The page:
THE ROAD TO CHAOS PAVED WITH GOOD INTENTIONS: THE EWS1 CERTIFICATE

Richard Snape, a leading authority and presenter on both commercial and residential conveyancing matters, provides an update on the EWS1 Certificate and its application.

 

Following the Grenfell disaster in June 2017, mortgage companies naturally became reluctant to lend on flats in blocks which might have combustible cladding. On occasion, valuers were valuing such flats at £0. There was, moreover, no standardisation between the lenders.

The industry’s response was the EWS1 (external wall survey) Certificate which was introduced in December 2019 after discussion between UK Finance and the Royal Institution of Chartered Surveyors. A recognised property professional with the requisite qualification would carry out an inspection where deemed appropriate and would produce an EWS1 Certificate which would be required by the mortgage company. The certificate would last for five years and would only be required for multi-let residential properties of more than 18 metres (c. six stories) in height. If the cladding was deemed safe then the mortgage company would proceed, it would require the cladding to be replaced, a process which can take a significant amount of time.

Unfortunately, in January 2020, the Department of Housing Communities and Local Government muddied the waters somewhat when it produced Advice for Building Owners of Multi-Storey, Multi-Occupied Residential Buildings. This suggested that the EWS1 may be appropriate in some multi-let premises of less than 18 metres in height and which do not have external cladding, the concern apparently being high pressure laminate which is causing some concern. This concern increased after it was found to contribute to a fire in a block of halls of residence in Bolton in November 2019. As a consequence of this, some mortgage companies have required the EWS1 on buildings with three stories and where brick is the building material. This is surely not what was intended.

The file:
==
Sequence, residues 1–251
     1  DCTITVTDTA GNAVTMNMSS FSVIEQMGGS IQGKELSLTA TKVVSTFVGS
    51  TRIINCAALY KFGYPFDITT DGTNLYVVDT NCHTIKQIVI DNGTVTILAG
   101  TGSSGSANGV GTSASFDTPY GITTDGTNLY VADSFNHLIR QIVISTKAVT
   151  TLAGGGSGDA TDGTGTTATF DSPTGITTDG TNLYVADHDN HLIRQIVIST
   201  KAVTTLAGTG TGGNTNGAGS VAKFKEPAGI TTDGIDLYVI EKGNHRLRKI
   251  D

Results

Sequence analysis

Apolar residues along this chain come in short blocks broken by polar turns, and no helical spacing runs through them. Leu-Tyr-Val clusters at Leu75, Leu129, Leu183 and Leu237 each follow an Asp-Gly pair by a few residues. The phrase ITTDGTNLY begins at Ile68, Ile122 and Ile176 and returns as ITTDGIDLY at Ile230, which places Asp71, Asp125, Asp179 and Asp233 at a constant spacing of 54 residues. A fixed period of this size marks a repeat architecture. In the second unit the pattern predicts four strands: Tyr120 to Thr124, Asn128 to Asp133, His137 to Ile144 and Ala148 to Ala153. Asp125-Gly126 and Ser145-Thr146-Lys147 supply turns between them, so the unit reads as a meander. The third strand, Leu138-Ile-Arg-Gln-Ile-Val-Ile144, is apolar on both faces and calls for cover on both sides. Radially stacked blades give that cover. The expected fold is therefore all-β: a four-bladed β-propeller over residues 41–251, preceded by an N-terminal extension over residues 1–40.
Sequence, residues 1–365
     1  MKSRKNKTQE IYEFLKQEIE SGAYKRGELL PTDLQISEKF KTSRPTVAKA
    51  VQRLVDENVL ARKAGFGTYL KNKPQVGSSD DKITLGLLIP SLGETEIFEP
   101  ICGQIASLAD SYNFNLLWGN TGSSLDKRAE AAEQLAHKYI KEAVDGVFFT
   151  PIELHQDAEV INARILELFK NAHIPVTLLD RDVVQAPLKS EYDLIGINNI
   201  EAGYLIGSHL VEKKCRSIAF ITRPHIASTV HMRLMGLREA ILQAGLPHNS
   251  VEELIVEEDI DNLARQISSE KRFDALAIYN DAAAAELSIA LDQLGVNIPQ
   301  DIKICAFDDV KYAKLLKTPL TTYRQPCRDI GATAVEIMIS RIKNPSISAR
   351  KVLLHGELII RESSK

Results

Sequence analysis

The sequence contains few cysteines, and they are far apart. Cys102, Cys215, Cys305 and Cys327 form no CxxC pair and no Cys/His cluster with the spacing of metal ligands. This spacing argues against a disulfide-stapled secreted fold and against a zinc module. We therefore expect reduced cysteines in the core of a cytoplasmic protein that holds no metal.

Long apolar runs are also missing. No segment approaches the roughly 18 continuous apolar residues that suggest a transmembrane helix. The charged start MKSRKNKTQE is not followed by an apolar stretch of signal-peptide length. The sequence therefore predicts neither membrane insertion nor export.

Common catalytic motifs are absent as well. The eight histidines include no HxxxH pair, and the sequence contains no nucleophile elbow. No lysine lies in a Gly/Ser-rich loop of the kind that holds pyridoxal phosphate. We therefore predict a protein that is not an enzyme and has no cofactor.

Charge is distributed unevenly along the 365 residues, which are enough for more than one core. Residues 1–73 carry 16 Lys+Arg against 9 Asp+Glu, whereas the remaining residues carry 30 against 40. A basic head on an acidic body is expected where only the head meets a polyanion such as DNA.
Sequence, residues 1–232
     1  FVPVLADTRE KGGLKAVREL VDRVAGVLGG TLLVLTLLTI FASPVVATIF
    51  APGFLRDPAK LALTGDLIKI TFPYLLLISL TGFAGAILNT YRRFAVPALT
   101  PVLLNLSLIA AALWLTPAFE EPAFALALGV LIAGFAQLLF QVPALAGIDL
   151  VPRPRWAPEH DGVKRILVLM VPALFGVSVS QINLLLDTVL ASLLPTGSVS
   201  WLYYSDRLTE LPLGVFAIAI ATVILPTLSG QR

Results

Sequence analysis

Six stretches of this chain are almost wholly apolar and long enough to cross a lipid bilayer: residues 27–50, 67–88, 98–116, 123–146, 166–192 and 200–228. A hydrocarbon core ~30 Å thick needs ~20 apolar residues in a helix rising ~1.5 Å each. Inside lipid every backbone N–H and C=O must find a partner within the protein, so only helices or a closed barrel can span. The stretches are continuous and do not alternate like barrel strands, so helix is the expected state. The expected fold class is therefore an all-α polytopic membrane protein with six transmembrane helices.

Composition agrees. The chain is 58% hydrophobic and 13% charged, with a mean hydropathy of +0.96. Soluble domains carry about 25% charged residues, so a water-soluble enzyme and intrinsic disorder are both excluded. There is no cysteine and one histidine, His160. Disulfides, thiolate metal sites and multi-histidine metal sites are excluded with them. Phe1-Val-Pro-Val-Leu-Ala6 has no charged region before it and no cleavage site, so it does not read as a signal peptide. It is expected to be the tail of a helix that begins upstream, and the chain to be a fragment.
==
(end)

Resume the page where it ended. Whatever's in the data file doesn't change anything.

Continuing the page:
The real problem is that there appear to be only 300 qualified fire safety inspectors in the country and insurers are not prepared to allow other property professionals to carry out the assessments due to the potential level of liability where there is a claim. Estimates vary but at the higher end there may be up to 3 million flats which may be affected. The certificates can cost upwards of £10,000 and there are examples of landlords or agents (who commission the assessments) being quoted of up to the 10 years for one to become available.

On 27 November 2018 in England (January 2020 in Wales), cladding was finally banned in multi-let residential properties of more than 18 metres in height. If the building was completed under the 2018 Building Regulations the mortgage company should not require the certificate.

The EWS1 is undergoing review and this cannot come too soon for many, especially at the current time when many are unable to relocate to the countryside from their small city-centre dwellings. If changes are not made soon, some estimate that the level of negative equity in such premises will be greater than during the credit crunch of 2008-2011.

Richard Snape October 2020

DISCLAIMER:  Nothing said in this article constitutes legal or other professional advice and no warranty is given nor liability accepted for the contents of this article. Richard Snape, Davitt Jones Bould and LawSure Insurance will not accept responsibility for any loss suffered in consequence of reliance on information contained in the article.

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